Thanks and have a nice day!

Andrew Lynch

Ok, I think I might squeak by as a qualified tester and, since I've set up an XT testbed to run all the 8-bit cards I have to still test through, I can give it a real world shakedown with a LOT of strange cards to see if it fouls up somewhere and put a good number of miles on it.

per
May 13th, 2009, 02:22 AM
Hi Per! I was thinking that to get the interleaved HIGH/LOW reading from a single IO port that was to use a 74LS74 flip flop on the latches chip select line for the latches. A reset signal would clear the flip flop, then the first read would give HIGH, the next LOW, the next HIGH again, and so forth. Eliminate the use of the A3 line and just use the flip flop output to toggle back and forth. (74LS74 configured as JK FF with direct clear)

What complicates matters is that the IDE chip select signals cannot be asserted during the DMA transactions. So they would have to be qualified (with 74LS32 and probably a 74LS04 inverter) with the DMA status lines. This gets complicated since there are two separate IDE chip selects.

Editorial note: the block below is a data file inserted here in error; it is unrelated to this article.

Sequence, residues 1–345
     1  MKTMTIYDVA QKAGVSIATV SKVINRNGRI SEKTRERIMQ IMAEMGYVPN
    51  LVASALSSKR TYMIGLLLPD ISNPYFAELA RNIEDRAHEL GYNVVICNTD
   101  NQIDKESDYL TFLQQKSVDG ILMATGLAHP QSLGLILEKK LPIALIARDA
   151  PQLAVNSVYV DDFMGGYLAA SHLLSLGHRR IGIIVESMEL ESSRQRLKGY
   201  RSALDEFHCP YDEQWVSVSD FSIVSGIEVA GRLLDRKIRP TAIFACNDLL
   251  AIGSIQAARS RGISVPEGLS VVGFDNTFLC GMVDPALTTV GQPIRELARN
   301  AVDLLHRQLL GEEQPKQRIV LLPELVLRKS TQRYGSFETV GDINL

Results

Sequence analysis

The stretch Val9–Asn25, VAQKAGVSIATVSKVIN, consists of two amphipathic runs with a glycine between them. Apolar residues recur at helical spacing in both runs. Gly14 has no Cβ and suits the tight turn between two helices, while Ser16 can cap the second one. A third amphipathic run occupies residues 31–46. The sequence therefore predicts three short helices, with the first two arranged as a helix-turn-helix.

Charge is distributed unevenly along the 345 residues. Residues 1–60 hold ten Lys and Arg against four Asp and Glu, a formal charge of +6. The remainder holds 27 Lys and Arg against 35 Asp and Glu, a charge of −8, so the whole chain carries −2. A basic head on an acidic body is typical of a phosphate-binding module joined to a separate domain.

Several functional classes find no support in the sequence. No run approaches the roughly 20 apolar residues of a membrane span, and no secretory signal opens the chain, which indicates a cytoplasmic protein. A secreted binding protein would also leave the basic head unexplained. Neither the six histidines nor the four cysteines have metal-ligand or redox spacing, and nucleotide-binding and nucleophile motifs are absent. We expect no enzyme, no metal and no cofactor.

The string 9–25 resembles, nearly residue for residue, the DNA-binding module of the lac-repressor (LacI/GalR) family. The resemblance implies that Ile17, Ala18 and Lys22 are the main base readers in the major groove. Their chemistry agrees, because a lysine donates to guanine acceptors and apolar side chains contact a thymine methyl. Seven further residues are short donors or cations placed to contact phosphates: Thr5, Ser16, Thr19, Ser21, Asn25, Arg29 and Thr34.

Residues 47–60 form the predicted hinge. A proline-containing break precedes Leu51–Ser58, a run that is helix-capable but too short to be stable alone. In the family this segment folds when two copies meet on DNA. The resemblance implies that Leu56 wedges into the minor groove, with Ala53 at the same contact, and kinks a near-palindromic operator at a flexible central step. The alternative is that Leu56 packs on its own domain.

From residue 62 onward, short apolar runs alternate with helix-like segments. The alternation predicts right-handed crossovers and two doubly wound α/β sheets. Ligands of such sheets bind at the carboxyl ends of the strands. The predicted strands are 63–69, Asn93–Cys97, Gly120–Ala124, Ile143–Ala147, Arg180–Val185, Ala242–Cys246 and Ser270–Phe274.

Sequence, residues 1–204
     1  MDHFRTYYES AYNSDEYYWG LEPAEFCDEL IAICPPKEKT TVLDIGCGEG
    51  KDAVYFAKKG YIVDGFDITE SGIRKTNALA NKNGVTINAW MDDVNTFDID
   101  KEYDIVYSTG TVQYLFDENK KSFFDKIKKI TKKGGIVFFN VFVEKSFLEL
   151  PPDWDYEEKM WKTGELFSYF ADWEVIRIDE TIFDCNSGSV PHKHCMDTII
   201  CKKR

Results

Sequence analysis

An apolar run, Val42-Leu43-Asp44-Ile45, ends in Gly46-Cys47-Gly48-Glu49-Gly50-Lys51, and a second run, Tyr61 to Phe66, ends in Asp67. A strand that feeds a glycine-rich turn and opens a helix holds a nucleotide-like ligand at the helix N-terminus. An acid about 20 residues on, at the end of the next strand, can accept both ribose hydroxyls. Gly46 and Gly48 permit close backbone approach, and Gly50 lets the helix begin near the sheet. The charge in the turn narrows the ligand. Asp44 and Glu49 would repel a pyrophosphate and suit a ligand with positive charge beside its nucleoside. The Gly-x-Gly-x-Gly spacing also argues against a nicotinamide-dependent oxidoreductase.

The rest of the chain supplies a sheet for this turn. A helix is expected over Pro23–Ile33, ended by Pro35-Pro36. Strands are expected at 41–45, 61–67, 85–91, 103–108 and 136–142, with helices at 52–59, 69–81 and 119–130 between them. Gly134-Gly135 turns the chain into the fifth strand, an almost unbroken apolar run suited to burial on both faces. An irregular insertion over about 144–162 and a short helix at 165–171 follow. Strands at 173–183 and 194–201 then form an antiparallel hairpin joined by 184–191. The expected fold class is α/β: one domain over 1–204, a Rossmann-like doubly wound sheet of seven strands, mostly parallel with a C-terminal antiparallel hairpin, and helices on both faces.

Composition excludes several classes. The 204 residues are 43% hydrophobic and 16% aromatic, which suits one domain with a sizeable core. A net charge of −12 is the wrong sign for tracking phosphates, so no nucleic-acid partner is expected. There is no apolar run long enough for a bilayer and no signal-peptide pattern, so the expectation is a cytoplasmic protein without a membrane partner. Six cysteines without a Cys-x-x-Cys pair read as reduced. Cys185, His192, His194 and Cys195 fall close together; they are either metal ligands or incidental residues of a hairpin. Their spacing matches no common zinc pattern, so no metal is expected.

Here is some information from the IDE "standard":



http://www.ele.uri.edu/courses/ele408/s2001/projects/roland_ide/IDE.pdf

I am fuzzy on the whole DMA implementation to begin with so whatever design does finally surface would require some test with a prototype board to ensure it really works. I see this easily adding several chips to the design which is why I believe the GIDE developers ended up using GALs to keep part count reasonable. If adding DMA capability comes at the price of doubling part count I do not think its worth it as it would dramatically increase unit cost due to additional parts, larger PCB required, etc. There are benefits to keeping this simple and cheap!

Thanks and have a nice day!

Andrew Lynch

I've made some schematics. I've using the more flexible 74LS161 counter, but if a flip-flop will do, it'll problably be better. Currently, it just adds 4 IC's to the design.

About the not-assert-thing, we can invert the AEN signal and AND it with the lines we need to hold low when DMA is being active. If it need to be held high, an "OR" with a non-inverted AEN signal is enough.